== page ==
Leaders in African energy risk management united in a webinar forum recently under the theme, ‘Navigating Risk: Increasing Threats in the African Energy Market under COVID-19’ to put forth strategies for mitigating physical, cyber and security risks, towards protecting employees and assets.
From regulatory uncertainty and political unrest to physical and cyber security attacks, the risk of investment in several African countries has been heightened by the onset of the Coronavirus Disease, not least of which has been the threat to stable energy demand.
“Global lockdowns have had severe impact on both prices and demand. This double shock – in which both prices and demand collapse – has implications for both oil producer and consumer countries,” said founder and President of SVB Energy International, Dr. Sara Vakhshouri.
However, the Managing Director, Inyani Intelligence, Shawn Duthie, said, “African countries are facing challenges to security of demand, since global consumption has been significantly hit. There are expectations that by the end of this year, demand will increase further and countries will start racking up their exports. But in the case of major African producers like Nigeria, we are seeing that they have not yet complied with Organisation of the Petroleum Exporting Countries production cuts.
“The big impact of COVID-19 has been government-imposed lockdowns. It is the economic hit that increases risk for all businesses. Lack of money means a lack of money for social services and social delivery.”
Reduced government revenues from crude oil exports due to drop in demand could also lead to changes in tax and regulatory frameworks that govern oil-producing countries.
Duthie added, “Looking at a more macroeconomic level, we might see new regulations that increase taxes or financial burdens, especially on foreign companies and large multinationals. This is a risk for a lot of places, especially high-risk countries such as Democratic Republic of Congo and Burkina Faso that do have natural resources.”
When it comes to the increased threat to asset protection faced by companies during COVID-19, the question remains whether the crisis has only shed light on, rather than created, existing breaches in security.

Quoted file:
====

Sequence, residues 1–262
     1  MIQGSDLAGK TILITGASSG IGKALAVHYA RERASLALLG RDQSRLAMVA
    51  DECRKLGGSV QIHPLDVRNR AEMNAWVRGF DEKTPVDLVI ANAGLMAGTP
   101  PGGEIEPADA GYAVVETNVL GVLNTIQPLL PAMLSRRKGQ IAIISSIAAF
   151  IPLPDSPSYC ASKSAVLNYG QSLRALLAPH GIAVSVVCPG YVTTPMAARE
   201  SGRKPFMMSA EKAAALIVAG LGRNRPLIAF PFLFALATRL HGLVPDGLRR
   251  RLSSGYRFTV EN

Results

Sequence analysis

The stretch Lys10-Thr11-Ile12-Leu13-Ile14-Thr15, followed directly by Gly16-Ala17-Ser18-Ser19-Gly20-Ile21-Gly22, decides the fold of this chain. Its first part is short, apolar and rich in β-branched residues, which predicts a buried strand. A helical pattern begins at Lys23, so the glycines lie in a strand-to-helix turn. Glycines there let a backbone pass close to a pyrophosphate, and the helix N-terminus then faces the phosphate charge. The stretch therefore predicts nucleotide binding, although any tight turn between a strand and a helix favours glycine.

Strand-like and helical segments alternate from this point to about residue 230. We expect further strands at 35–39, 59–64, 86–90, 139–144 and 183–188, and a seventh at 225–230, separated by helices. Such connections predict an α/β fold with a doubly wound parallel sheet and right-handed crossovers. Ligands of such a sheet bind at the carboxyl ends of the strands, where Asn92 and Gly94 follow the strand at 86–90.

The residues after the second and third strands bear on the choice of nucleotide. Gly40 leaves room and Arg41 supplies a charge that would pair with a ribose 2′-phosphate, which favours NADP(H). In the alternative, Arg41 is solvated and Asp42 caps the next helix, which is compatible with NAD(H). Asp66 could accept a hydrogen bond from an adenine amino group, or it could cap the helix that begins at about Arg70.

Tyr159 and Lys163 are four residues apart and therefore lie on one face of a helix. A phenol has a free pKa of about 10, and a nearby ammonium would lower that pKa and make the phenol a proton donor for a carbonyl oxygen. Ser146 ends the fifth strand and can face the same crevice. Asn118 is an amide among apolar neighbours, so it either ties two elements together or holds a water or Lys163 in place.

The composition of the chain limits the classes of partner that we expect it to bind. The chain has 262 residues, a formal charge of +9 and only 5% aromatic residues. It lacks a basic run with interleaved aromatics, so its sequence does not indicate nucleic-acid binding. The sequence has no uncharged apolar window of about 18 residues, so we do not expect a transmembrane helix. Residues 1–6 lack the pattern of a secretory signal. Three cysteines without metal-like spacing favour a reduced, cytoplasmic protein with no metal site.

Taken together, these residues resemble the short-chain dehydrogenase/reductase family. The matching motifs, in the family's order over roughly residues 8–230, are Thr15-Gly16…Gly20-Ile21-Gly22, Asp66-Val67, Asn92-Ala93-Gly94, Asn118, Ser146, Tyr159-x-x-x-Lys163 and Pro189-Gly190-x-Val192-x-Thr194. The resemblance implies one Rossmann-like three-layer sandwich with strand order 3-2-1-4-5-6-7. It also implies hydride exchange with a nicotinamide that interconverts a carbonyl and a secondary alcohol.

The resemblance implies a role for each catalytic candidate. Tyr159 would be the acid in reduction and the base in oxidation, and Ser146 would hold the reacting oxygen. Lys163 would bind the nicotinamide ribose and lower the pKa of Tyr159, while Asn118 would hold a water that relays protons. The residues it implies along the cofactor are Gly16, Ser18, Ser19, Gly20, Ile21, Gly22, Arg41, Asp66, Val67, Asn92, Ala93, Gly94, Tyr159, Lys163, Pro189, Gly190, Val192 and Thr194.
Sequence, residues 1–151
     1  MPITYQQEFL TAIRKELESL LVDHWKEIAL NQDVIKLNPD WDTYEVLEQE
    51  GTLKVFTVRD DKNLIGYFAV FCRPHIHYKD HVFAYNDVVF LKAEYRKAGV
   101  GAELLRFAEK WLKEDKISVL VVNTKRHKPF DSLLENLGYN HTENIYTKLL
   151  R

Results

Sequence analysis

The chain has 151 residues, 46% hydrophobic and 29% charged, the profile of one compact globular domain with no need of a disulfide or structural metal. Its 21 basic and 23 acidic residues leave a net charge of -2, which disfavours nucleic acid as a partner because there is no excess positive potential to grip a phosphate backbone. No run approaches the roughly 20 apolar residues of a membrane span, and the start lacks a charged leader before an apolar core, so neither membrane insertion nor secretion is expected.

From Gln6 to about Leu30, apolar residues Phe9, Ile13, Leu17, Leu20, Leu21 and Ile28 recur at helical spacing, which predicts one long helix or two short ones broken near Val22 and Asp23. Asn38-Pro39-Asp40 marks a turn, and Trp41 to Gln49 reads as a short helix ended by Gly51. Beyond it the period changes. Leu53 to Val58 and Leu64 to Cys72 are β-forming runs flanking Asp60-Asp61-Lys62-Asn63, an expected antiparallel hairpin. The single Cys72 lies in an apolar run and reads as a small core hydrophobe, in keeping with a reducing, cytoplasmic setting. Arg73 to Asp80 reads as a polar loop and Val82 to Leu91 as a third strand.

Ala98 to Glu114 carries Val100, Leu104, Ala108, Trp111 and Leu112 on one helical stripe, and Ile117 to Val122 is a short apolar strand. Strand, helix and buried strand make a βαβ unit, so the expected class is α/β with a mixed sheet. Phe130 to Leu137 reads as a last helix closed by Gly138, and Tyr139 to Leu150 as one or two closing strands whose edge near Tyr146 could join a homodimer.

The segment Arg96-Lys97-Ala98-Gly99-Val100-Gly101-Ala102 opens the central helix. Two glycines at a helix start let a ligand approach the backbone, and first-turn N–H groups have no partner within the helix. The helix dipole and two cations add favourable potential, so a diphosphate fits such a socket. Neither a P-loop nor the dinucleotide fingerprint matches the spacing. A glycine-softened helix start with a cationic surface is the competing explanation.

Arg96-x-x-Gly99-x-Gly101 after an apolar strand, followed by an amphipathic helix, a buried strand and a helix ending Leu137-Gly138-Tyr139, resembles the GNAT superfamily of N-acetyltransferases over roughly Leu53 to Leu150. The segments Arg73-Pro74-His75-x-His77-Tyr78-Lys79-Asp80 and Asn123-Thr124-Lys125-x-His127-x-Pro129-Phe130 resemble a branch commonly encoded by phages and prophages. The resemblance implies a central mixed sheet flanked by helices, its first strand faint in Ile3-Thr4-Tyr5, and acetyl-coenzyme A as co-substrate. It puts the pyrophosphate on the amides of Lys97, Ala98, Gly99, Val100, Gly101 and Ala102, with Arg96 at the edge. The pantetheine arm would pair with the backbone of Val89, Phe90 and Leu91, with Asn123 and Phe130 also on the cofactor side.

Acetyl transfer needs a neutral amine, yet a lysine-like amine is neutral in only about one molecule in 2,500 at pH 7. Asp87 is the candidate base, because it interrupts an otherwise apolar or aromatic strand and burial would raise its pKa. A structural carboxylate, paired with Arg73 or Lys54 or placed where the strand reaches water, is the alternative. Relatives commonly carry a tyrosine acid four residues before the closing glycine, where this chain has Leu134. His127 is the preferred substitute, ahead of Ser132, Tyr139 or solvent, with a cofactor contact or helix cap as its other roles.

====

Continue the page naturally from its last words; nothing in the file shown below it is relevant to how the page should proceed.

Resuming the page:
“With a situation like COVID-19, coupled with depressed prices, your assets are exposed,” said the Chief Executive Officer of Energy and Natural Resource Security, C. Derek Campbell. “You have human terrain gaps, cyber security gaps as well as indications and warnings of extremist groups looking at ways to attack infrastructure. As you have reduced manpower and lack of risk identification methods, you have invasion of sites. That’s at a tactical level.”
According to him, to mitigate potential threats to on-the-ground risk and security, regular risk assessment programmes must be conducted to identify weaknesses and prevent breaches in security from affecting returns on project investments.
Said Campbell, “Companies need to ensure that they have a consistent review and assessment programme using global standards. In addition to an initial assessment, it needs to be done periodically. As an operator, you need to be able to ensure resilience, so that you can maintain continuity of operations. If you cannot do that, then you cannot optimise and monetise the asset.”
This, he asserted, puts capital investments in upstream, midstream and downstream projects at risk. “That is impacted by depressed prices because your posture is down and you are not concerned about protection from physical and cyber risk, which ultimately impacts the financial risk.”
Sub-Saharan Africa has seen several physical and cyber attacks in recent months, from pirates and vandals to militants, suggesting a need to prioritise investment into the security of projects in the region.
“There are a number of recent attacks offshore Equatorial Guinea, in Algeria around 2011 and 2012 and consistent threats in Nigeria to operational networks in oil and gas, onshore and offshore,” Campbell noted. “When investors come in, they squeeze projects, charging a high rate of return. To mitigate financial risk, they squeeze the project and expect to get their returns in three years. But then, the operator cannot mature the project because they don’t have the cash.”
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